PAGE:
The place where you take your daily shower is probably not something your think about a lot. As long as there is enough hot water and the shower stall is clean, your daily needs are met. But, when you contemplate remodeling that bathroom or building your dream home and need to plan for its bathrooms, there are a lot of choices from which to select. A shower stall has three basic elements; the stall itself, the door and the shower head, each of which has many options for your consideration. Let's look at the stall first.
There are two basic types of stalls. Those which are prefabricated and brought to your home partially or totally assembled, and custom showers which are built on sight.
Prefabricated shower stalls are either a molded single-piece, or shower wall panels which are assembled on site. These can be made of either fiberglass, laminate, or synthetic marble. The single-piece showers are watertight, relatively inexpensive, simple to install and easy to clean. A single-piece shower units are usually too large for a remodel unless you are already knocking down some walls. This is where manufactured shower wall panels are preferred. They lap over a molded shower base and are attached to a waterproof wall.
Custom shower stalls are either built from the ground up or using a prefabricated base. The walls must be waterproof which is defined as having a layer of water-resistant drywall covered with waterproof cement board. These are then finished with ceramic tile, slate, granite, marble or a solid surface. Unless you are using a single-piece shower, all stalls begin with a base, which is sometimes referred to as a receptor or a pan. These can be purchased already made or built on site.
When buying a prefabricated shower pan, be sure to select the one with the drain opening matching the location of your drain pipe. These bases come in a variety of sizes and shapes.
Doors for your shower stall come in a variety of types depending on the opening it is designed to cover. To help you make a decision on which one is best for you, you will want to consider the type of shower you have, the layout of your bathroom and your personal preference and taste. Shower doors are available in sliding doors, swinging doors, or bi-fold doors which is a combination of both.
Sliding doors are the most commonly used in bathrooms as they use the least amount of space, are attractive and are easy to care for. They are in two or three sections and glides on tracks at the top and the bottom of the door.
Swinging doors are commonly used to cover a wide area and can be combined with matching fixed panels. These doors can add elegance to your bathroom but you will need to take into consideration your room size and ensure the door doesn't swing into sinks, towel bars, or any other fixtures in the room.
Bi-fold doors work well in a bathroom that is not large enough for a door to swing out into the room. These doors fold in accordion-like sections into the shower, preventing water from dropping onto the floor. These sections ride in a track at the bottom of the door. Any of these doors may be framed or frameless. If it is a framed door, the frame is commonly made of anodized aluminum, giving it a corrosion-resistance surface. During this process, dyes are added to providing you with an array of colors to match the decor of your bathroom. If the door is frameless, the hinges and handles are mounted directly through the glass giving the room a larger and more open feel. To support these hinges, frameless doors are made of thicker glass, adding a feeling of luxury and durability. As with all elements of the shower, the glass used is offered in a mixture of styles. Glass for a shower door is either clear or opaque. While the clear glass is popular in many areas, it should be noted that it is very unforgiving when clean, leaving streaks and spots. Opaque glass can come in as assortment of patterns to match the design of your bathroom.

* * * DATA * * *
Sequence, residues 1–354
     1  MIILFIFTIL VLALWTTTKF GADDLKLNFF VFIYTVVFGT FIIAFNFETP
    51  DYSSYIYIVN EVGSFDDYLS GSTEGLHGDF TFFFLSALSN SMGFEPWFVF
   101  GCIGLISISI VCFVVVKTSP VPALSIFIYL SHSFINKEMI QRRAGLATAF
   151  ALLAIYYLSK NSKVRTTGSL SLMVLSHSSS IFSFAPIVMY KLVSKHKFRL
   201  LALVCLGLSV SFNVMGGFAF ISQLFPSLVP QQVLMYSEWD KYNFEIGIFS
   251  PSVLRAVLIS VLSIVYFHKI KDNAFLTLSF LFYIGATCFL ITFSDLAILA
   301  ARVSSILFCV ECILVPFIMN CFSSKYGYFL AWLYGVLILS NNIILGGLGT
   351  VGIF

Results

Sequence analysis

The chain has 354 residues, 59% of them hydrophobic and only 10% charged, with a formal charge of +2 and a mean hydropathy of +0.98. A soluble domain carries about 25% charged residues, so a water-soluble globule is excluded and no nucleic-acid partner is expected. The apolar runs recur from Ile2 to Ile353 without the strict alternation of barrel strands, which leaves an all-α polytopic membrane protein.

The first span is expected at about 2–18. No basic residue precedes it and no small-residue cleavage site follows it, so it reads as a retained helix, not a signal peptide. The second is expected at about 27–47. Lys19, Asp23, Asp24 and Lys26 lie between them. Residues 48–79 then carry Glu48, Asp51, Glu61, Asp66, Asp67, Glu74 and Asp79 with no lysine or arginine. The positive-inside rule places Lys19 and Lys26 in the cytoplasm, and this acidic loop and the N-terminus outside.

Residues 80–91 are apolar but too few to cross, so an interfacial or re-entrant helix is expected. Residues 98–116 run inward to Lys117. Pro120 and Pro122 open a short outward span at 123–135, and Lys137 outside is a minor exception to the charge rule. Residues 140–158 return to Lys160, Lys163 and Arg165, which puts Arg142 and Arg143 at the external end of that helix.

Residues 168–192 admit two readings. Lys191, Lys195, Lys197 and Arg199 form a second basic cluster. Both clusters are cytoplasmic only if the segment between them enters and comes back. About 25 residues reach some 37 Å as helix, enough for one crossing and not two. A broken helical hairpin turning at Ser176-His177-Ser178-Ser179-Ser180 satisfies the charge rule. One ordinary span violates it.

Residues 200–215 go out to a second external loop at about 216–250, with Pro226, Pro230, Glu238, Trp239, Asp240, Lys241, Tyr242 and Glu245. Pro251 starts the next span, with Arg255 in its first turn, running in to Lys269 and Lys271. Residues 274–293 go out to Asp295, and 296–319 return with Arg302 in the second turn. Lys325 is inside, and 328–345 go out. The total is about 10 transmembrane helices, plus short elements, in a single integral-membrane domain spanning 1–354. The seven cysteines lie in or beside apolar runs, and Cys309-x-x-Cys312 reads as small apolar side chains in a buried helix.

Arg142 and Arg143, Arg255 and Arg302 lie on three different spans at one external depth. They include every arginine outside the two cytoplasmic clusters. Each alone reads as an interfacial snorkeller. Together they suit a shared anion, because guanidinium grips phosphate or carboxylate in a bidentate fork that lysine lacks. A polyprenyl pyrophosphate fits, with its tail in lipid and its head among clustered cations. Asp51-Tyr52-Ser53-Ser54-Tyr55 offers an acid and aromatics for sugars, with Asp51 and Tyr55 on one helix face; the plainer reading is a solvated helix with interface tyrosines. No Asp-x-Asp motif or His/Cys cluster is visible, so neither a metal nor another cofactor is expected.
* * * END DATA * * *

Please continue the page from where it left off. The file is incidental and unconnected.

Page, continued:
Basically, there are two types of shower heads - stationary and hand-held. The stationary shower head is attached to the shower wall and generally has some limited ability to direct the spray of water. The hand-held model has a flexible hose and can efficiently direct the water to where it's needed. The hand-held model can also be clipped to a hanger to allow hands-free showering. Whether stationary or hand-held, most shower heads use twice the water needed for a thorough shower. When selecting a shower head consider a low-flow model which typically uses 2.5 gallons of water per minute (gpm) or less. The water flows through special orifices that control droplet size, focus the stream, and in some models, increase the blast by mixing in air to create turbulence or pulsing.
For an investment of $10 or less, you can save $50 to $75 per year in water bills and $20 to $60 or more per year in energy costs to heat the water.
A nice, warm shower at the end of a long day is truly one of life's pleasures. With some thoughtful selection, your shower can meet the needs of you and your family while complementing your bathroom's design.